When Tesla first launched the Model S in 2012, it was revealed that NVIDIA’s Tegra processors were powering the center console, infotainment, navigation and instrument-cluster systems in the car. The two companies renewed their partnership for the Model X last year.
NVIDIA CEO Jen-Hsun Huang is a big fan of the automaker and owns 3 Teslas. During a company event last year, Huang announced a computing platform for self-driving cars called NVIDIA DRIVE PX and Tesla CEO Elon Musk sat down with Huang for a conversation about autonomous vehicles during the event. Musk took the opportunity to praise NVIDIA’s tech:
“What NVIDIA is doing with Tegra is really interesting and really important for self-driving in the future.”
Only the Tegra 3 chip has been confirmed to be in the Model X and although there’s been rumors that Tesla could be using NVIDIA’s DRIVE PX platform to power the Autopilot in its vehicles, there’s no solid evidence to confirm it.
Instead, Tesla is using Mobileye’s EyeQ technology to power the Autopilot’s vision system.
A Bloomberg report came out late last year implying that Tesla could be looking to replace Mobileye’s tech based on an email conversation between Tesla CEO Elon Musk and high-profile hacker George “geohot” Hotz, who is building his own self-driving car platform.
Following the report, Mobileye’s stock price took a 7% hit in a matter of hours, but Tesla came to the rescue and issued a statement calling Mobileye’s tech “best in the world at what it does” and saying that the company plans to “continue using” the firm’s EyeQ vision chips going forward.
Tesla made those comments before hiring both Keller and Bannon, which will possibly raise a few eyebrows at NVIDIA and Mobileye. While it still looks unlikely that Tesla will engage in another resource-consuming project like making its own chips, fabless manufacturing, which means to design silicon in-house while outsourcing its manufacturing, is not impossible either.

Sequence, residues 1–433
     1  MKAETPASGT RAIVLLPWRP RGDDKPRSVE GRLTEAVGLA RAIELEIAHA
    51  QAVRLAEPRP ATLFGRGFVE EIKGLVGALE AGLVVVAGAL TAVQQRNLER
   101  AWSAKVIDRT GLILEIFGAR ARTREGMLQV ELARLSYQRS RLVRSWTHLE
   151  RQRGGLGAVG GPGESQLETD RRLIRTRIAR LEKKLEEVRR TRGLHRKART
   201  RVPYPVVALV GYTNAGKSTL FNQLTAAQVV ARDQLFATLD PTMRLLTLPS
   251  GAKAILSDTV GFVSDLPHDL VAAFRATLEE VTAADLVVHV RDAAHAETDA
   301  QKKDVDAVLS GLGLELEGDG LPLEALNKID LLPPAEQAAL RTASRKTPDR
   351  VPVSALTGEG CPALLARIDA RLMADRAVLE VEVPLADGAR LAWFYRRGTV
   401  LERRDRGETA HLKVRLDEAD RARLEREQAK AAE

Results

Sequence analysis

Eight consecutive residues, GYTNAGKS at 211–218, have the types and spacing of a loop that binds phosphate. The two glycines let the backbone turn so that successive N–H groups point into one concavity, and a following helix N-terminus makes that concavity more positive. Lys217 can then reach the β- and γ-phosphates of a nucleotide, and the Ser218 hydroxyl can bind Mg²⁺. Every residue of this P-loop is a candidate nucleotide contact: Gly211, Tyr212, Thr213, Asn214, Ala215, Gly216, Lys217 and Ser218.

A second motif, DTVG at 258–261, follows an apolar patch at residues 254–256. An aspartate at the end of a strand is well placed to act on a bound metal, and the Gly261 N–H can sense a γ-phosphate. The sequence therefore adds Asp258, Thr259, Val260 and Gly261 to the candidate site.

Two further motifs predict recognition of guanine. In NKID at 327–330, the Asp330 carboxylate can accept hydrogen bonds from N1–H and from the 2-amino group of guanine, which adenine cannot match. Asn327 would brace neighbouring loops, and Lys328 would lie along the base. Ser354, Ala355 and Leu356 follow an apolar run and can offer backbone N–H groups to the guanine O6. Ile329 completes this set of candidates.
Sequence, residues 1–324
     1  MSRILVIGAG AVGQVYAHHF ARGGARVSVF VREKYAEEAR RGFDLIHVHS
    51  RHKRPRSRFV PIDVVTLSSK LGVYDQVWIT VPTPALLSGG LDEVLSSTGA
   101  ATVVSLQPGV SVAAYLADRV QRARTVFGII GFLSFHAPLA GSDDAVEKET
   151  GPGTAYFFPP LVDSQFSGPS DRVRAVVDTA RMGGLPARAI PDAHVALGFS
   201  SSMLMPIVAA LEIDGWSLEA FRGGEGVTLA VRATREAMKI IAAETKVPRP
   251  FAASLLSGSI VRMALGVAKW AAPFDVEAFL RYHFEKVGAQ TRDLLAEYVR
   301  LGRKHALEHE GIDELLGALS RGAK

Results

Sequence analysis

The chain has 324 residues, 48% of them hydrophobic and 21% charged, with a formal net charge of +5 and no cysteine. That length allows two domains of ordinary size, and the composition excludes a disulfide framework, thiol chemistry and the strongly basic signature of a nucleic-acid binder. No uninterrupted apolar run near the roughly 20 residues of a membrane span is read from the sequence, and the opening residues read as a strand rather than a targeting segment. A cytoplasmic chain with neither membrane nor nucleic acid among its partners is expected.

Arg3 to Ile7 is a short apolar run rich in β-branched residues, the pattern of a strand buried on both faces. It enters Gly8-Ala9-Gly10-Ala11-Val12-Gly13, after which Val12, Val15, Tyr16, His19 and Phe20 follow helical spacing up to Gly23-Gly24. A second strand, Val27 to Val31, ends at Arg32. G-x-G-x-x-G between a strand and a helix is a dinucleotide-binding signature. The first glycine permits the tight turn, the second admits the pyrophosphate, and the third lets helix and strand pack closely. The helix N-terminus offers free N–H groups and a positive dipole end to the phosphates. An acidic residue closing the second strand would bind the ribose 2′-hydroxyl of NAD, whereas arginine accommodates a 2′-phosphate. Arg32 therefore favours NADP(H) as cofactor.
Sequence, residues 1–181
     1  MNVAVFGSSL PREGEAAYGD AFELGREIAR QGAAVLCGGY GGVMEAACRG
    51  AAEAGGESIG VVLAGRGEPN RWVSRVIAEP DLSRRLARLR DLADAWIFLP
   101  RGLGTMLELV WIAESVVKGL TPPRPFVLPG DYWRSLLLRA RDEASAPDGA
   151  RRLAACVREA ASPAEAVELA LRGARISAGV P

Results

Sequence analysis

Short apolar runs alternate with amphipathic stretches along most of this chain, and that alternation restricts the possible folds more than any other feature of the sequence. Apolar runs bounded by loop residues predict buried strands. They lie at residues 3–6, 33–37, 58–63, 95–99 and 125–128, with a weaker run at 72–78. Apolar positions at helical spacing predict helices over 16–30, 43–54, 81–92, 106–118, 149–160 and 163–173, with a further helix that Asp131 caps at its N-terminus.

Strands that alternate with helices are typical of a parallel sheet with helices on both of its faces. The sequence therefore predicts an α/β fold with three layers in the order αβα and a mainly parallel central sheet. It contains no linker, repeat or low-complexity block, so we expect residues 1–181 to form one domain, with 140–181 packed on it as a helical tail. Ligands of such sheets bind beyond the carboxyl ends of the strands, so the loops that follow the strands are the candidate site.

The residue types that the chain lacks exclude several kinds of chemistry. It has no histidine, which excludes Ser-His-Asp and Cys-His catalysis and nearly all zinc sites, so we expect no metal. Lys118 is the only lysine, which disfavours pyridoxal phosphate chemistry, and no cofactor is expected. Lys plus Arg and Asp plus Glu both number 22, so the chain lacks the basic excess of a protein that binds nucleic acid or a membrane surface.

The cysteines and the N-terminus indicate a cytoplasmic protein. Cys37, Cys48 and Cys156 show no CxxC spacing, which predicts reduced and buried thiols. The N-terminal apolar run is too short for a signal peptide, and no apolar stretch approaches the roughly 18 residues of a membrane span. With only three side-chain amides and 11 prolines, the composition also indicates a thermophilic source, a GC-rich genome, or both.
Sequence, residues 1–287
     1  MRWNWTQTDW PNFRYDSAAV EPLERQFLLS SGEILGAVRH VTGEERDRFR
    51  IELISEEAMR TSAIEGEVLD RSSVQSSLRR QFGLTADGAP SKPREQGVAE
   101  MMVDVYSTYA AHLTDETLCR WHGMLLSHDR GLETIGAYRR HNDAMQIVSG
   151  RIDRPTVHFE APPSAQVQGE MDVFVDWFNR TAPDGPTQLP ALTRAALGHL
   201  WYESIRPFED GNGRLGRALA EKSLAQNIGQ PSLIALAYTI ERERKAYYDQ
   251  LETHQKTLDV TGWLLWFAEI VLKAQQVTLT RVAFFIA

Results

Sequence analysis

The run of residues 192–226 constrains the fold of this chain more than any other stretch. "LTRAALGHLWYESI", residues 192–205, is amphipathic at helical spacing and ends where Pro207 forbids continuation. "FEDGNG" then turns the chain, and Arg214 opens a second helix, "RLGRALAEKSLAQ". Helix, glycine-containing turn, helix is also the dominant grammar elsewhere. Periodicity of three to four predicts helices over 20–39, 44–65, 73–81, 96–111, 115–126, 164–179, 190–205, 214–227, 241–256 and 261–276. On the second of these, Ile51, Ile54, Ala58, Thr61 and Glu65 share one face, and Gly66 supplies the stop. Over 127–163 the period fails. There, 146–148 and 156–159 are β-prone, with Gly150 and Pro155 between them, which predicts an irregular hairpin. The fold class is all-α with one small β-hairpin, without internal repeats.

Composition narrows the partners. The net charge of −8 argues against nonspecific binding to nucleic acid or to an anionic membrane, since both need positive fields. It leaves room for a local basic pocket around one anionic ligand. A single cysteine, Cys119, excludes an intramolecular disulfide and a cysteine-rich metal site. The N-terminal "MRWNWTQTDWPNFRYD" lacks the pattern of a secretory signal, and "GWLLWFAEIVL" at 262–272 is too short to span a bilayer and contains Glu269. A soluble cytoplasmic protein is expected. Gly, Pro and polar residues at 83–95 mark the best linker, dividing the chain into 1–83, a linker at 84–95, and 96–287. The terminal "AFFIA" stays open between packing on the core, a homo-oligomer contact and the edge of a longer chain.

[tweet https://twitter.com/elonmusk/status/667519445414252544 align=’center’]
Considering the Autopilot is a “super high priority” project for Tesla, if for some reason the computing platform was to get in the way of achieving full autonomy, it’s not impossible to imagine Tesla deciding to make its own.
Also it’s worth noting that Tesla makes a surprising number of components in-house for an automaker. It is estimated that the company is currently about 80% vertically integrated.
Now as for the “poaching war” between Tesla and Apple, it appears that the number of former senior Apple engineers now on Tesla’s engineering team is growing every month. They recently added Keller and Bannon, but there’s also Apple’s former alloy expert Charles Kuehmann now VP of Materials Engineering at Tesla (and SpaceX which is interesting), Doug Field, former VP of Mac Engineering at Apple and now VP of Engineering at Tesla, and Rich Heley, former Director of Alloy Engineering at Apple and now VP of Products at Tesla.
FTC: We use income earning auto affiliate links. More.
Subscribe to Electrek on YouTube for exclusive videos and subscribe to the podcast.